Animal Care & Welfare: Saying Goodbye

     When living has become a struggle for your pet, how do you decide it’s time to euthanize?

     I recently made a trip home to visit family for Christmas and was asked, by my Mother, if I thought her little kitty was ready to be put down. After being diagnosed about 6 months ago with lymphoma, Millicent was now despondent, unable to get up or even eat and occasionally would start paddling while letting out a small howl. It was time. I made the appointment with our Vet (the very first Vet clinic I ever worked at over 25, yes 25, years ago), and when we arrived, there was a candle lit next to a sign that explained ‘someone is saying good-bye to their beloved pet’, and asked for quiet and respect.

     This meant everything to me- as a veterinary technician, I’ve had to ask cackling and laughing co-workers to simmer down because a pet was being euthanized on the other side of the door. During these times, compassion is what you need to receive.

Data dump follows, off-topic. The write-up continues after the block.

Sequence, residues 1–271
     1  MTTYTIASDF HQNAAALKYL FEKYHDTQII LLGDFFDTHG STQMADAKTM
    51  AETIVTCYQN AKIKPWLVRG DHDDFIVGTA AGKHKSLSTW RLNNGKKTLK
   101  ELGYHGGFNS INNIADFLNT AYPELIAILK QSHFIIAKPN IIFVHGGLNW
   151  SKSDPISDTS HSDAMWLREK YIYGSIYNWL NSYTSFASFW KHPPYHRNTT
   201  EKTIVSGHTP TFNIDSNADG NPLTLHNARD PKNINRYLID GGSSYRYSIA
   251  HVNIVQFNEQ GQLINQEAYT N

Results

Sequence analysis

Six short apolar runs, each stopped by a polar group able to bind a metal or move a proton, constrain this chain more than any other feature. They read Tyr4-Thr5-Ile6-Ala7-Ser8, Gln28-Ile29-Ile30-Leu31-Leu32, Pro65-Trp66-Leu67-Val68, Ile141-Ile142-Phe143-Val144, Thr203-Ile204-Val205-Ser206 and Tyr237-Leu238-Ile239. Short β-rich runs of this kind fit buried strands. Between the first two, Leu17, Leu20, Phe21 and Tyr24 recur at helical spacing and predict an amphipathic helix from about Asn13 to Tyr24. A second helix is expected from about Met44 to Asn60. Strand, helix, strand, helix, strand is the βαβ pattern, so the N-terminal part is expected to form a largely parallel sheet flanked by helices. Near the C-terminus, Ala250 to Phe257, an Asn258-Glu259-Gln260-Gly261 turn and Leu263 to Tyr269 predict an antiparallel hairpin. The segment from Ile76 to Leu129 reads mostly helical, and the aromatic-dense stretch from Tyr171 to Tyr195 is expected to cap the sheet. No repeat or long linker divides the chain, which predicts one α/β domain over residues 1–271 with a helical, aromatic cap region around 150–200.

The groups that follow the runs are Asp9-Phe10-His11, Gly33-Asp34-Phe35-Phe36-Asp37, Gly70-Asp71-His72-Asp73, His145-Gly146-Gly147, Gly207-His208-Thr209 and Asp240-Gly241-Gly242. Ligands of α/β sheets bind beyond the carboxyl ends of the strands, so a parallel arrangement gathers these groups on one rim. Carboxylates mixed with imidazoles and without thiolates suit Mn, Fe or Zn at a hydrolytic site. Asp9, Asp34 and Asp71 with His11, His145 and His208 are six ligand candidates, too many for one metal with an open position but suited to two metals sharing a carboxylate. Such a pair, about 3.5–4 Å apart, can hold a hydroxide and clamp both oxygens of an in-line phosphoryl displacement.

And compassion is what you should have for your pet. We’ve all heard the term ‘quality of life’- try to truly put yourself in your pet’s position…. Is this a life you would want to be living?

     On top of that, are you able to be an effective nurse to your pet? When my horse was dying of skin cancer, I had to give him IV pain injections every day. Are you able to lift or carry your handicapped pet outside several times a day? Are you able to give your kidney-diseased cat sub-cutaneous fluids twice a week?

     Basically, are you able to provide the medications and lifestyle necessary to maintain a decent ‘quality of life’?

     Animals, as well as people, will give us the signs that living has just become too difficult. During the last few months of my horse’s life, he would wake me up kicking the water trough as he dunked his head in it to cool the heat and pain from his growing tumors, despite being on IV pain medication twice a day. When he finally gave me a look with the light gone from his eyes and blood dripping from one nostril, I knew he was ready to be relieved of his pain.

     Are we doing what’s best for our animals or are we keeping them around because we cannot say good-bye?

Scuttlebutt: Housing and the Building Codes

Words On Wellness: Winter on the Coast, Red Alder